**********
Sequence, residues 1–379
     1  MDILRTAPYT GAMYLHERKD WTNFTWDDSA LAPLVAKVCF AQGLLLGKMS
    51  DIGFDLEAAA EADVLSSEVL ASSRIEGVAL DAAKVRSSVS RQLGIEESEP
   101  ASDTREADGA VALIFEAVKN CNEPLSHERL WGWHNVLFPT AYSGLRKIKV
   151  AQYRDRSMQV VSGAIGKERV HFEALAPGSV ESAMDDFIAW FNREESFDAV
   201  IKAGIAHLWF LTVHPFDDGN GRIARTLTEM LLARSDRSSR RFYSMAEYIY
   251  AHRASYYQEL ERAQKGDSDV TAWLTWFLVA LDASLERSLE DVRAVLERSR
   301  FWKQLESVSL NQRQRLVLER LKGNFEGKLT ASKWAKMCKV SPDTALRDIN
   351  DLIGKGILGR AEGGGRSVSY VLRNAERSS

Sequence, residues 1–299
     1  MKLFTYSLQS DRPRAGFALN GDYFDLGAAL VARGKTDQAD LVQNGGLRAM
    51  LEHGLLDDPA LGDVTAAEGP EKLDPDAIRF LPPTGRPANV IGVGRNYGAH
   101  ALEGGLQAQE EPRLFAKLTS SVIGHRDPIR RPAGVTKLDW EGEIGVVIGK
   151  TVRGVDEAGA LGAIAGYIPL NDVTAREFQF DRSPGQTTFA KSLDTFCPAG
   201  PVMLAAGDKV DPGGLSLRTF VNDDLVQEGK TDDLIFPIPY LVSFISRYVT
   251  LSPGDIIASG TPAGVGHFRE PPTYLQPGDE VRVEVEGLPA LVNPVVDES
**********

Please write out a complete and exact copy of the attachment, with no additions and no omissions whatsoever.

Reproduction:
Sequence, residues 1–379
     1  MDILRTAPYT GAMYLHERKD WTNFTWDDSA LAPLVAKVCF AQGLLLGKMS
    51  DIGFDLEAAA EADVLSSEVL ASSRIEGVAL DAAKVRSSVS RQLGIEESEP
   101  ASDTREADGA VALIFEAVKN CNEPLSHERL WGWHNVLFPT AYSGLRKIKV
   151  AQYRDRSMQV VSGAIGKERV HFEALAPGSV ESAMDDFIAW FNREESFDAV
   201  IKAGIAHLWF LTVHPFDDGN GRIARTLTEM LLARSDRSSR RFYSMAEYIY
   251  AHRASYYQEL ERAQKGDSDV TAWLTWFLVA LDASLERSLE DVRAVLERSR
   301  FWKQLESVSL NQRQRLVLER LKGNFEGKLT ASKWAKMCKV SPDTALRDIN
   351  DLIGKGILGR AEGGGRSVSY VLRNAERSS

Sequence, residues 1–299
     1  MKLFTYSLQS DRPRAGFALN GDYFDLGAAL VARGKTDQAD LVQNGGLRAM
    51  LEHGLLDDPA LGDVTAAEGP EKLDPDAIRF LPPTGRPANV IGVGRNYGAH
   101  ALEGGLQAQE EPRLFAKLTS SVIGHRDPIR RPAGVTKLDW EGEIGVVIGK
   151  TVRGVDEAGA LGAIAGYIPL NDVTAREFQF DRSPGQTTFA KSLDTFCPAG
   201  PVMLAAGDKV DPGGLSLRTF VNDDLVQEGK TDDLIFPIPY LVSFISRYVT
   251  LSPGDIIASG TPAGVGHFRE PPTYLQPGDE VRVEVEGLPA LVNPVVDES